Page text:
Gorillaz – ‘Song Machine Season One: Strange Timez’

Sounds like … a genre- and time-bending pop music vaudeville show.

It’s common pop cultural knowledge that Damon Albarn is a busy man whose mind is constantly occupied with creative new ideas and projects. In the past that often lead to long breaks between his projects. The gap between the last two Blur albums was 12 years, with The Good, The Bad & The Queen it was 11 and virtual band Gorillaz also went on hiatus several times over the past twenty. However, since the release of 2017’s Humanz album it feels as if the priorities of Albarn have changed and the project remains constantly activated. This new album is already the third full-length in three years but once again it follows a different concept. It’s the closing chapter of the Song Machine series which Albarn started at the beginning of 2020. The collaborative project saw Gorillaz releasing stand-alone singles as part of the series throughout the year, all now combined (along with a few previously unreleased ones) via the project’s seventh studio album. It’s a fitting concept for the age of Spotify and Netflix. The world thinks in episodes, seasons and constant streams anyway, right? Strange Timez is a perfect title for the first collaboration of songs anyway. Surely a lot has happened since the Slowthai and Slaves joint venture Momentary Bliss started the journey back in January. Corona shook the world, the United States got even weirder, the climate continues to fight humanity and on top of it longtime Albarn collaborator and afro beat icon Tony Allen passed away. The closing track How Far? remains one of his last works and is indeed a fitting tribute.

Albarn always managed to face the ongoing dystopian notion of the past years with bittersweet, slightly melancholic yet also somehow uplifting pop anthems and Strange Timez is no exception here. You couldn’t think of a better voice to start the narration than The Cure‘s Robert Smith who opens the record. Albarn keeps things up-to-date as he sings “I’m speeding through the forest, strange echoes of Belarus Where presidents pin badges on disconnected youth.” That line gives an impression on the contemporary character of the project as the Belarusian protests happened really shortly before that episode was released. Smith is just the first in a long line of fascinating guests which probably only Albarn can get together in that form. By mixing the traditional aspect of pop and historic voices with brand new talents he frees the Gorillaz sound from time once again. I mean who else gets iconic Elton John and US underground rapper 6black together on one track? Where else do you get angry hip hop tornado JPEGMAFIA teaming up with Japanese indie rock sensation CHAI? Familiar voices pop up on a frequently basis and it’s fascinating to see how Albarn and his team managed to keep a project coherent where modern day auto-tune rap can coexist right next to the iconic 80s bassline of former New Order bassist Peter Hook. The album is packed with many highlights like the uplifting St. Vincent joint venture Chalk Tablet Towers or the summerly Désolé together with Malian artist Fatoumata Diawara. Similar to 2017’s Humanz Albarn steps back and let his guests lead these songs, once again underlining the power of collaboration and joint forces against the evil. Song Machine, Season One: Strange Timez bridges genres, eras and borders; it celebrates the universal power of music and showcases Gorillaz‘ still very important role in modern mainstream music. I surely can’t wait for season two. (Norman Fleischer)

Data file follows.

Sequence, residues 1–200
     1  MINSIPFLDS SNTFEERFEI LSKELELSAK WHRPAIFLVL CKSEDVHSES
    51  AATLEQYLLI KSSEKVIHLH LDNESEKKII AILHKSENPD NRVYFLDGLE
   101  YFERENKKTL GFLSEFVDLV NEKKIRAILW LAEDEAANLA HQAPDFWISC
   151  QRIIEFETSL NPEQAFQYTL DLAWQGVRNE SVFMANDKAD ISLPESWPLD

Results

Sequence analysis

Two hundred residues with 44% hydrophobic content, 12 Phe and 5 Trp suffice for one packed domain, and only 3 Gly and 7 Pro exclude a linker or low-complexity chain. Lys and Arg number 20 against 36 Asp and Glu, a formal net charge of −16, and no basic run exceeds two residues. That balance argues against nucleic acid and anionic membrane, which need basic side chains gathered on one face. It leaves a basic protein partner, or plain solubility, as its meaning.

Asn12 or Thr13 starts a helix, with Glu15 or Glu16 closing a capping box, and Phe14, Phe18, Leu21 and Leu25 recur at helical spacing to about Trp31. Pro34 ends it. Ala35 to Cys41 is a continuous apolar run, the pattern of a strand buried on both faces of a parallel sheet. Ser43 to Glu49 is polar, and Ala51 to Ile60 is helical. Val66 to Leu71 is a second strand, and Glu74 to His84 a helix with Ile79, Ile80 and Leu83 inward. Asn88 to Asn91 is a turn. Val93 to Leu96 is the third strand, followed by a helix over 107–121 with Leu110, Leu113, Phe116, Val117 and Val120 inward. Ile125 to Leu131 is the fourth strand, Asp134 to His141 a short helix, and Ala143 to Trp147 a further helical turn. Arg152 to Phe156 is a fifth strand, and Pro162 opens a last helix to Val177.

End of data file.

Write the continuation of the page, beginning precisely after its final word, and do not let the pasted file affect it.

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Adrianne Lenker – ‘songs + instrumentals’

Sounds like … a human being in nature.

This is another self-isolated, remote cabin release and if there is one person you might have been expecting to do this, it’s Adrianne Lenker. It is a double album and I must admit for most other artists, I would’ve found the title choice lazy and uncreative but for Lenker, it is just the perfect solution to express simplicity and bliss in its purest form. Songs + instrumentals is a meditation on the essential needs and emotions we have as humans – hopes, losses, nature, solitude and love.